Food entrepreneur Michael Winnike expands his line of Happy Goat caramels and sauces
Michael Winnike always has liked a good debate. When we met him in the kitchen of the Menlo Park home where he grew up, the discussion at hand was which of the six whiskies he was mixing with the caramel base he uses to make Happy Goat caramels and sauces was the “best.”
Michael’s debate gene — both his parents practiced law — once led him to think about becoming an attorney. But, that at age 28, he’s running a caramel and confection business isn’t all that surprising to him.
“My family are all foodies and we’re in a great food area,” he says. “Once I figured out I wanted to pursue a career in food, I figured I could teach myself how to make candy by reading cookbooks and scientific articles, then by going through trial and error with my own recipes.
“I started making caramel at home and then rented time in a commercial kitchen that was dedicated to candy making. That gave me exposure to what other people were creating.”
He made the decision to base his products on goat milk because he believes it makes his caramel candies and sauces more complex and less sweet. “I was reacting against the cloying sweetness of some candy,” he says.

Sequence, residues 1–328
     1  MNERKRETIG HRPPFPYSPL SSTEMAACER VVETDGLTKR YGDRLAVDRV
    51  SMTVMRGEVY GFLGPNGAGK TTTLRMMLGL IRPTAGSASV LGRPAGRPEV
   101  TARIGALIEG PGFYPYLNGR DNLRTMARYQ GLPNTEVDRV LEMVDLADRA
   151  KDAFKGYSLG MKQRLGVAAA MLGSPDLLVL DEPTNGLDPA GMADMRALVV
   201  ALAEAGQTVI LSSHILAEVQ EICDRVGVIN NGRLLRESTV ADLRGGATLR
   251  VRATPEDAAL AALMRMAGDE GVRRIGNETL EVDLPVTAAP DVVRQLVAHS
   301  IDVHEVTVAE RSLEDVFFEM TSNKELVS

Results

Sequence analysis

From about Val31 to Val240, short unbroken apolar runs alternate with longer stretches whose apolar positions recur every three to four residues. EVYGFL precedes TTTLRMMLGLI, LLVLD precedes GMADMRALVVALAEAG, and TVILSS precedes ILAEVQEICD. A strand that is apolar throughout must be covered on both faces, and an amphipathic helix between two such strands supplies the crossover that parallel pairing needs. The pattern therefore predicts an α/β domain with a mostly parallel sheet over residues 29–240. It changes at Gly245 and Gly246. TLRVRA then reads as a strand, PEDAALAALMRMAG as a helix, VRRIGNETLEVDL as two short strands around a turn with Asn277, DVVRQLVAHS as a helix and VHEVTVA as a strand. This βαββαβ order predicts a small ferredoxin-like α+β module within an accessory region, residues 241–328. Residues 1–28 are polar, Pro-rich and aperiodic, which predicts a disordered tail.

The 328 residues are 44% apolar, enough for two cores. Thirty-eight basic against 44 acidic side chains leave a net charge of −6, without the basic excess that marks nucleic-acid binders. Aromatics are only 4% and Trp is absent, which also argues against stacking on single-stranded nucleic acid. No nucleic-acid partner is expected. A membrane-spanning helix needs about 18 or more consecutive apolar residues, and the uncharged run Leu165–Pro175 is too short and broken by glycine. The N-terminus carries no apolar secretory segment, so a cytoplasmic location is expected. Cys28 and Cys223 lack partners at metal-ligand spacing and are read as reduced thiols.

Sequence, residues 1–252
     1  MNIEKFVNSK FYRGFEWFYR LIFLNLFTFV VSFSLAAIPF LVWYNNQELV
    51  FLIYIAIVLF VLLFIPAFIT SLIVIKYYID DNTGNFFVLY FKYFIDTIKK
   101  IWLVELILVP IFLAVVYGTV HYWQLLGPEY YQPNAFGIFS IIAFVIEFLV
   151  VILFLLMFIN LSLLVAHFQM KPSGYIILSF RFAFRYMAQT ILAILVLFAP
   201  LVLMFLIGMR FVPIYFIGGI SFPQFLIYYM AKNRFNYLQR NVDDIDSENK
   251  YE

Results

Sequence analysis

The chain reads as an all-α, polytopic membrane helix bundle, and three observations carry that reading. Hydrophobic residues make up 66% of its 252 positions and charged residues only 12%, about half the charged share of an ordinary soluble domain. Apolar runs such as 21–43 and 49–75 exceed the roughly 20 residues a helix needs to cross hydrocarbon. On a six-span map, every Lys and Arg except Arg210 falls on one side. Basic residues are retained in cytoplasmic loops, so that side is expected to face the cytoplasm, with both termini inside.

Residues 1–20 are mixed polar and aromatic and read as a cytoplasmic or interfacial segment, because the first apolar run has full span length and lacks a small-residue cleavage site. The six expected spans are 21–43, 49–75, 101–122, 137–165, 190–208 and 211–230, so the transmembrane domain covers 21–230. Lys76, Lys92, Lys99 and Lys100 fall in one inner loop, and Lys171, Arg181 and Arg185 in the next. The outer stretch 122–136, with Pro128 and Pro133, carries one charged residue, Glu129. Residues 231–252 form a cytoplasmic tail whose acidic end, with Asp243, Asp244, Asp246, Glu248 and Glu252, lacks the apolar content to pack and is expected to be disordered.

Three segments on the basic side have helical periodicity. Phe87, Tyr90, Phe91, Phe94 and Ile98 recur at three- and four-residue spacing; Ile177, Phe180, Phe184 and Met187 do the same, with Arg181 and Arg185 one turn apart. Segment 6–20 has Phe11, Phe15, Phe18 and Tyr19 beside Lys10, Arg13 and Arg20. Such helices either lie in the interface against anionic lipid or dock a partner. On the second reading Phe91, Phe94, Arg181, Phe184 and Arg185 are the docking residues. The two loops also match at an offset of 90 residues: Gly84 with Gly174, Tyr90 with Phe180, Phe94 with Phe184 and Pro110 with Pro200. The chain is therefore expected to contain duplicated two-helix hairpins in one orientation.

Michael worked to perfect his recipe in 2008, then on packaging and regulations related to selling food products in 2009, launching Happy Goat late that year. In 2010, he brought on another employee, his mother Sharon, who had helped out at his booth in the Fancy Food show.
“I was wondering what I was going to do when my youngest (of four) sons went off to college,” says Sharon. “Having practiced law, I never thought it would be working at a candy company run by my son. I was the boss, now he’s the boss.”
The Winnikes expanded into caramel sauces in 2011. Their Happy Goat Vanilla Bean Caramel Sauce was named one of the top 10 outstanding new products of the year by the National Association of Specialty Food Retailers, out of 464 entrants. Their newest Scotch Caramel Sauce, which combines Aberlour 12-year-old single male scotch with vanilla bean, was included in Food & Wine Magazine’s “ultimate gift guide.”
“The sauces are an invitation to our customers to get creative,” says Michael. “Plus, it gives us the opportunity to collaborate with other food companies.”
As for the first round of taste tasting for the new whisky-flavored sauces, there was no outright winner. Although, there was a clear leader that will be revealed when it hits the shelves.
In Menlo Park, Draegers carries vanilla and chocolate caramels and both sauces; the Willows Market carries chocolate, vanilla, coconut lime and vanilla bean caramel sauce.
Photos by Scott R. Kline